Buster Olney from ESPN tweeted last night that the Reds have shown interest in Phillies OF Juan Pierre. Ken Rosenthal of FOXSports reported last week that the Reds had kicked the tires on Phillies CF Shane Victorino. Presumably, the Reds primary interest in either player would be as a rental lead-off hitter. Neither player is signed beyond 2012.

Trading for Juan Pierre would be a disaster. Shane Victorino, however, could provide solid upside for the Reds. Here is the case against Pierre, both in comparison to Victorino and vs. what the Reds have now.

1. Age

Juan Pierre would turn 35 in August. Shane Victorino is 31. The main risks associated with age are injury and rapid decline.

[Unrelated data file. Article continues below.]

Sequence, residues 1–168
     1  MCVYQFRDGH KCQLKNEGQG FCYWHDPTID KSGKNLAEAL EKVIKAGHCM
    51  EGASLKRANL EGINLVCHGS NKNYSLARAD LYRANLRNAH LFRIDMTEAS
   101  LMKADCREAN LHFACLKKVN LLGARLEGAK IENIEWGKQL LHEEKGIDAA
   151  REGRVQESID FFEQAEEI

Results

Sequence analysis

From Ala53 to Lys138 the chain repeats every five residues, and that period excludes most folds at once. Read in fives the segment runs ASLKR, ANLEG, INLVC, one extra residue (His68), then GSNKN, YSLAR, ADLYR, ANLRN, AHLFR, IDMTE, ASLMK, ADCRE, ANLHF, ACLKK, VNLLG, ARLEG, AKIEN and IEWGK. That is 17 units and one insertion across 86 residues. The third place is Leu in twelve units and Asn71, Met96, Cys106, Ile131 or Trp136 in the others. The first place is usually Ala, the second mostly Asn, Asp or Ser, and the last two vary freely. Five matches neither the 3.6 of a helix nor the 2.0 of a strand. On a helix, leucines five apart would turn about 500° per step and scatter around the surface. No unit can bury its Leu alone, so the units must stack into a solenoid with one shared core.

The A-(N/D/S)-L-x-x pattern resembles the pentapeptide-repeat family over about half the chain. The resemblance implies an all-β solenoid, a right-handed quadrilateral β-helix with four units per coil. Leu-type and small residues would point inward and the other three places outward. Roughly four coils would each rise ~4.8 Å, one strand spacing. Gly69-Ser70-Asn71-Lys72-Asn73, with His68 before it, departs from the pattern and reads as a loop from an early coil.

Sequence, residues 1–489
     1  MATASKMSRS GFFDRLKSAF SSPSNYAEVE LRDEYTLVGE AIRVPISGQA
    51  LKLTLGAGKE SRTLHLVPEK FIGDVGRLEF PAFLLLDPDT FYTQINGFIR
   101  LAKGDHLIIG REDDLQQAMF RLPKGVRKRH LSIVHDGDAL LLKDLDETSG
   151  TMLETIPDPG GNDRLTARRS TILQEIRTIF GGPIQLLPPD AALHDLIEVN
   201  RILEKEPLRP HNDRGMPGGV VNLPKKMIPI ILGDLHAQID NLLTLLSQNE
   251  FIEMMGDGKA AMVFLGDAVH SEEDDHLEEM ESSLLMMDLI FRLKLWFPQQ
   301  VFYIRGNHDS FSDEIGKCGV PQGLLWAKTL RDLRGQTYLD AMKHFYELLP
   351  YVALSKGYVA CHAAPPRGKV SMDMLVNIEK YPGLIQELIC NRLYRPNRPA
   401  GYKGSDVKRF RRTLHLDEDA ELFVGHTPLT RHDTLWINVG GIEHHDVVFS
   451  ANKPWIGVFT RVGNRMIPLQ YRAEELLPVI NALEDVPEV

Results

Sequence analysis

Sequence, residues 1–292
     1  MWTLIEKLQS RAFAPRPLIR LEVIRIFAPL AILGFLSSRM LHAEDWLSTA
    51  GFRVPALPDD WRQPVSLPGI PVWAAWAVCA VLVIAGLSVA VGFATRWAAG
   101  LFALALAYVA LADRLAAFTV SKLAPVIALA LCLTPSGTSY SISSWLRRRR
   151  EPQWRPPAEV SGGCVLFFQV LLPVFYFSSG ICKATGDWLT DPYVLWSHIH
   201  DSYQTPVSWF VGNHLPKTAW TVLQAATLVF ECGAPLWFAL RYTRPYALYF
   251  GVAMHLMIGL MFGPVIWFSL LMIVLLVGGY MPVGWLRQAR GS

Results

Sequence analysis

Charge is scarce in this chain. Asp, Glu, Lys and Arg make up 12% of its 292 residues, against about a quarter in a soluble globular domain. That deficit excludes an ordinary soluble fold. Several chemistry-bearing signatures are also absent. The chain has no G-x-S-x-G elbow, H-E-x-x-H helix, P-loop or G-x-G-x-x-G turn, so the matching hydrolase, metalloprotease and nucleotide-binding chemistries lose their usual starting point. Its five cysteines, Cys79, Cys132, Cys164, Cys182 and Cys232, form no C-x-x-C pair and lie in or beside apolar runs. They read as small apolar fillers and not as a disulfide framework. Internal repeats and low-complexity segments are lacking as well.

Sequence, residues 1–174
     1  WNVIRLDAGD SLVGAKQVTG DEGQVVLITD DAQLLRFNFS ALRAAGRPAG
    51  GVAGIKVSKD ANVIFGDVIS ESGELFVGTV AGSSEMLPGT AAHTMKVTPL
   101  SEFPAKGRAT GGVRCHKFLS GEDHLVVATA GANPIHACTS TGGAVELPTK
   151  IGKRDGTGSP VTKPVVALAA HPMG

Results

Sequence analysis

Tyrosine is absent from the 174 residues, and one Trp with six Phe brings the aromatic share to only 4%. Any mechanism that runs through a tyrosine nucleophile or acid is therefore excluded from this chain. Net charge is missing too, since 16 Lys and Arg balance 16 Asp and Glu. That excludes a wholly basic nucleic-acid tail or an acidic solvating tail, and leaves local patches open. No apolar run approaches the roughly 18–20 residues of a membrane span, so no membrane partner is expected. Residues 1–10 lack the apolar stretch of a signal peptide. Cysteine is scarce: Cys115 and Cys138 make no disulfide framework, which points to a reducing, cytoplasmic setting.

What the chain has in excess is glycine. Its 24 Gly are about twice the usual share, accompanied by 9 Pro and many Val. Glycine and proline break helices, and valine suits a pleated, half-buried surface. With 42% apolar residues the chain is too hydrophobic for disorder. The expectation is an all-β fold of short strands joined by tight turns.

2. Position/Defense

Juan Pierre hasn’t played centerfield regularly since 2007. Victorino remains the everyday CF for the Phillies. Pierre is a below-average LF, with a poor arm and range. Victorino is an excellent CF, at least league average. He has had no errors this year or last. The advanced metrics, which aren’t that great yet, generally don’t like Pierre and find Victorino OK. If Pierre would be brought in to play CF for the Reds, it would be a nightly hold-your-breath situation.

3. Power

Juan Pierre has hit his one home run this year, Shane Victorino has hit eight (same as Drew Stubbs) and would probably hit about that many the second half. Victorino did hit 31 in 2010. But it’s not just in the home run category where Pierre is lacking. He only has five doubles this year. He’s basically a singles hitter. Victorino has 12 (Stubbs 9). So don’t expect Pierre to drive in any runs from first base, or himself.